- Gene expression modelPage 4, “Gene expression model”
- A similar method is used to find parameter sets for simulations of gene eXpression , with l = 250, [,4 = 50.Page 7, “Optimization”
- We use the dl/Cact dynamics associated with this set of parameters as an input to the gene eXpression model equations, and allow only the gene eXpression parameters to evolve for 9 different values of the noise parameter, 1], between 0.02 and 0.5.Page 7, “Optimization”

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In *The Presence of Nuclear Cactus in the Early Drosophila Embryo May Extend the Dynamic Range of the Dorsal Gradient*

- .p15]N, are evaluated and compared to the data using a residual sum of squares calculation: where th = dl-Venus data, clth 2 measurement uncertainty—both corresponding to simulated nucleus h and timepoint k—and SN is the ordinary least squares estimate of the scale factor that minimizes the difference between X and Y across all time and space coordinates and for parameter set N. Um“; and Wnuc are the dimensionless versions of nuclear dl and nuclear dl/ Cact complex, respectively (see Equations (1) and (3)).Page 7, “Optimization”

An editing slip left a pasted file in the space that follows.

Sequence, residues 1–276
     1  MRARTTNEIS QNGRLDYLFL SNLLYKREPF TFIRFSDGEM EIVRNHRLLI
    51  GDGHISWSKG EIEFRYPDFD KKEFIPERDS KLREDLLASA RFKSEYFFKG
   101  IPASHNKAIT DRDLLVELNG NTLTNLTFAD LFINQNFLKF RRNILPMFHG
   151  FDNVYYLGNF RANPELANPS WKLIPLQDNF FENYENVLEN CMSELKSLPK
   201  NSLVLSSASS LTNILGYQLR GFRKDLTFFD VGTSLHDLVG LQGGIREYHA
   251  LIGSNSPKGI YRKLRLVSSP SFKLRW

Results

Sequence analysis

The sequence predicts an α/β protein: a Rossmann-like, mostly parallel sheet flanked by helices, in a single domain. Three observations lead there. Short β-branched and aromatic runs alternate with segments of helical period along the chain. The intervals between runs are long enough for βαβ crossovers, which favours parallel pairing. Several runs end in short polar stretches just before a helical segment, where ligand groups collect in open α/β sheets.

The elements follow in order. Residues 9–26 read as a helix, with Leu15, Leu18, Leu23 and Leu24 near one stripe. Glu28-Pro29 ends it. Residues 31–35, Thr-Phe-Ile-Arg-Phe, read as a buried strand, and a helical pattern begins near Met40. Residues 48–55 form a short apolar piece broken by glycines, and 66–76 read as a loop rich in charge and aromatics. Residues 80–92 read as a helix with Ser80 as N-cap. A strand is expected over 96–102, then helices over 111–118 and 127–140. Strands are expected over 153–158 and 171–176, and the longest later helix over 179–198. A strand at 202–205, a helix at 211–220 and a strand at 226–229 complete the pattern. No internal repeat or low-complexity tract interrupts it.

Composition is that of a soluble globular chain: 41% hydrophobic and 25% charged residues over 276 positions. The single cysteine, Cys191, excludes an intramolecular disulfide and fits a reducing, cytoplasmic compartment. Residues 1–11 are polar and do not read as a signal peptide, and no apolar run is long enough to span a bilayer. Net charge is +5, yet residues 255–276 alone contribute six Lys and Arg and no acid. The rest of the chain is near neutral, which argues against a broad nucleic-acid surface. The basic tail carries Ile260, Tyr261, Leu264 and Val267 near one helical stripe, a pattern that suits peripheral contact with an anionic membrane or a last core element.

- After the 25th generation, we keep the top 100 parameter sets as the end product of each evolutionary optimization run.Page 7, “Optimization”
- A similar method is used to find parameter sets for simulations of gene eXpression, with l = 250, [,4 = 50.Page 7, “Optimization”
- After the 25th generation, we keep the top 50 parameter sets as the end product of each evolutionary optimization run.Page 7, “Optimization”
- We thus fit the sum of free nuclear d1 (1) and nuclear dl/Cact complex (3) in our extended model to the dl-Venus data set in both space and time, revealing parameter sets that show an excellent fit to the data (see Fig.Page 9, “Simulations of dI/Cact dynamics”
- Each evolutionary optimization run that was used to fit our model to the dl-Venus data set resulted in 100 closely-clustered parameter sets .Page 9, “Parameter analysis of extended dI/Cact model”